Do You Need A Steady Hand For Piping?

Decorating By cakefort Updated 21 Sep 2009 , 4:41pm by vmertsock

cakefort Posted 20 Sep 2009 , 11:11pm
post #1 of 13

I tried doing scrollwork on a cake today just for fun. Apart from still working on icing a perfect cake, I was disappointed at how difficult I found it to pipe! I made the royal icing, used a Wilton "imprint thingy" (that's what it's called, right? icon_lol.gif ), and realized my hand just wasn't steady enough. I figure I could keep practicing to get the right pressure and the right pace for even lines, but I can't do much about my hand shaking. Should I assume this is fundamental to piping?

12 replies
indydebi Posted 20 Sep 2009 , 11:46pm
post #2 of 13

I use BC for everything. When doing piping work, I sometimes (just sometimes) thin it, depending on the size tip I'm using. The trick to doing scrolls, writing, etc., is NOT to go "slow and careful" but to move fast. If you move your hand/arm slow, then you start to shake.

Trace some scrolls on paper and practice piping those. You'll also have better results if you move your whole arm and not just your hand.

Faster is better.

littlecake Posted 21 Sep 2009 , 3:10am
post #3 of 13

i love doing scrolls...do em fast....you will be able to do them faster when you get more confident.....

instead of a writer tip, try using a small star tip...they don't show the shakey hand as much....as debi said...no need for royal.

vmertsock Posted 21 Sep 2009 , 3:11am
post #4 of 13

I usually use royal for piping work, but I go fairly slow. I hold the tip a decent bit above my cake and let it drop down instead of putting the tip right against the cake. I find this cancels out any shakiness I have and gives me more control.

cakefort Posted 21 Sep 2009 , 2:37pm
post #5 of 13

Does BC behave better than RI when piping?

vmertsock, you brought up another one of my problems--I either hold the tip too close and the line gets smooshy, or I don't hold it close enough and it doesn't stick or it skips. I assume when you say you hold the tip a decent bit above your cake, you mean for the top of the cake, rather than the sides?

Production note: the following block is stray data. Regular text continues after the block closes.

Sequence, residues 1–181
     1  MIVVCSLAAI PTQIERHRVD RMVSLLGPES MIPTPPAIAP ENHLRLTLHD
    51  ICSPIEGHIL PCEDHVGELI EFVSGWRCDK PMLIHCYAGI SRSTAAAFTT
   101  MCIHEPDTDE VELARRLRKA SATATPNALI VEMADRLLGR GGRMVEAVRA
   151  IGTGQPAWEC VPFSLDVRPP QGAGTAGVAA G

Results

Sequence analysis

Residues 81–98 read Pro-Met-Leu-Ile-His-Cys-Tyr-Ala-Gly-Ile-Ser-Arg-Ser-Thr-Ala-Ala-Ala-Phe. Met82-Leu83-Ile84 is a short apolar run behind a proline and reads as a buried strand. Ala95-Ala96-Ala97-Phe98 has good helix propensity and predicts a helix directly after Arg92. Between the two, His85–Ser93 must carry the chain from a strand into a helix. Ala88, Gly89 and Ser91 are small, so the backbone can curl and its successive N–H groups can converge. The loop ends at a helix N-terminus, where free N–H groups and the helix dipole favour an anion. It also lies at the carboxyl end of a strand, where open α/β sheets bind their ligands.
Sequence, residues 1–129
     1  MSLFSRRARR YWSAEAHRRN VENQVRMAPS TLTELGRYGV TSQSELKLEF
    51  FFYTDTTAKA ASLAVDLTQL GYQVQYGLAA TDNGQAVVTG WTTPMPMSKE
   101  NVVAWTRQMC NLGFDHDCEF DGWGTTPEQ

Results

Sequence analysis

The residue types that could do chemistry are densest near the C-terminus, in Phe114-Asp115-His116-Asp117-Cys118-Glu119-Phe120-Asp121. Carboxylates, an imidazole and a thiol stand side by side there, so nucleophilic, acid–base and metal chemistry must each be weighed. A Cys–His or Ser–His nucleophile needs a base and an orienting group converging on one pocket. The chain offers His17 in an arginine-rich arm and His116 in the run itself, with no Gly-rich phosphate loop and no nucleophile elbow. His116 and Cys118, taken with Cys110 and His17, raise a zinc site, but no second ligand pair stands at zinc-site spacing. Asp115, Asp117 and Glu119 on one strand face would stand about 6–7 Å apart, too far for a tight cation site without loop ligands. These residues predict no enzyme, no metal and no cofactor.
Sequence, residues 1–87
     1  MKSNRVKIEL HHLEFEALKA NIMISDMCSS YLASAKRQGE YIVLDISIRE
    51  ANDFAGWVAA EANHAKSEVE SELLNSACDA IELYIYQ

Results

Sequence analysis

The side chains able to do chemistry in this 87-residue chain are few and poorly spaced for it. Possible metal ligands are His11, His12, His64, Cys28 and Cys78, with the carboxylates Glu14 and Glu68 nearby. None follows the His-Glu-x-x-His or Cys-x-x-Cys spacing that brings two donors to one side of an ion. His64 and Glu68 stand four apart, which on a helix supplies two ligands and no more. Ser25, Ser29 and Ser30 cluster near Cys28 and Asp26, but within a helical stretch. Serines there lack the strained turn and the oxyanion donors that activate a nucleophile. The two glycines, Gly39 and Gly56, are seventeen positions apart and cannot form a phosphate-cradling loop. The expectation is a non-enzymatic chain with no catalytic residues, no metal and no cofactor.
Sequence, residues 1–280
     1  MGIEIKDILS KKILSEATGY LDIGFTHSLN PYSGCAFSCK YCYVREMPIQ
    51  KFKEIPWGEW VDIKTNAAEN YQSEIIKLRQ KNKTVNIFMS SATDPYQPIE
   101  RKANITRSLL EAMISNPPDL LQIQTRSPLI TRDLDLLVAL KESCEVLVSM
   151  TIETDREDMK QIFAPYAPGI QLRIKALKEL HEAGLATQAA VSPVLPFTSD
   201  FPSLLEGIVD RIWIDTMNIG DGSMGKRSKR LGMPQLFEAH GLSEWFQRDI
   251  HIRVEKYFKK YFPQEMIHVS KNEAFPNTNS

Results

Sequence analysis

I will try the star tip next time and see if that helps!

-K8memphis Posted 21 Sep 2009 , 3:02pm
post #6 of 13

Yes! What Indy said and to elaborate--be bold--be confident--there used to be this really cool painter on tv who gave lessons and he'd say in this Europeany accent "Fihre it in dere!" fire it in there

I'd loose the scroll design thing and also very important--take the index finger of the other hand to help steady the icing bag--use like one cup of icing at a time, looser icing like Indy said--practice all over the table/counter top till you find your rythm. It's there--pipe from your shoulder--forget you have an elbow--lean over the counter stand on a step to get the right heighth.

Just load & go--Make figure eights allll over--just go go go. Don't try & make them the same--just make them.

A session or two like that & you'll have it. And then you can start controlling/guiding it.

Rythm ideas for you--find your beat.

cakefort Posted 21 Sep 2009 , 3:04pm
post #7 of 13

You have a way of inspiring icon_smile.gif

OregonCakeLady Posted 21 Sep 2009 , 3:53pm
post #8 of 13

You might just have to build up those muscles. Everyones muscles shake when they are getting flexed in a way they don't usually get used. Practice and skip the coffee in the morning. I agree.... moving quick will help as well icon_wink.gif

vmertsock Posted 21 Sep 2009 , 4:12pm
post #9 of 13

Forgot to mention, I hold the bag like a pencil, instead of holding the way I do borders, hand closed at the twisted part. Did that make sense? When I pipe on the sides, I do hold it closer and go quite quickly. I think consistency is a big part of smooth piping, and while I've seen gorgeous writing done with just wilton tips, I like to use PME #2's for writing. The PME's in general are good for writing since they're a bit longer. I used to work for Colette Peters former assistant and she taught me those two tricks (hand position and tip choice) to help me and after I got used to a new hand position I was amazed how much easier it was and how much better my piping was.

indydebi Posted 21 Sep 2009 , 4:30pm
post #10 of 13
Quote:
Originally Posted by OregonCakeLady

You might just have to build up those muscles. Everyones muscles shake when they are getting flexed in a way they don't usually get used.


Good tip! Icing that is too stiff will make you use your muscles harder and make your hand shake.

cakefort Posted 21 Sep 2009 , 4:30pm
post #11 of 13

I'm not familiar...what is PME?

Thanks for all the tips!

Arriva Posted 21 Sep 2009 , 4:36pm
post #12 of 13

Great topic. Y'all are great.

vmertsock Posted 21 Sep 2009 , 4:41pm
post #13 of 13

PME tips are European I believe. They are longer than Wilton and Ateco and lack the seam, which makes the icing come out cleaner and makes the tip stronger. They are a bit more expensive, but well worth it.

You can get them at: a h cakedesign dot com slash pmepipingtips.html

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